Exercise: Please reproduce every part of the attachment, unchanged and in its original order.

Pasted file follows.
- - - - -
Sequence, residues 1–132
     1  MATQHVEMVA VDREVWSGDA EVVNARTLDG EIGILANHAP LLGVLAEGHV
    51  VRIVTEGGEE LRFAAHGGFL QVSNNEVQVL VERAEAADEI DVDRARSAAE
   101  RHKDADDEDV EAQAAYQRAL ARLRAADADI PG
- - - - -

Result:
Sequence, residues 1–132
     1  MATQHVEMVA VDREVWSGDA EVVNARTLDG EIGILANHAP LLGVLAEGHV
    51  VRIVTEGGEE LRFAAHGGFL QVSNNEVQVL VERAEAADEI DVDRARSAAE
   101  RHKDADDEDV EAQAAYQRAL ARLRAADADI PG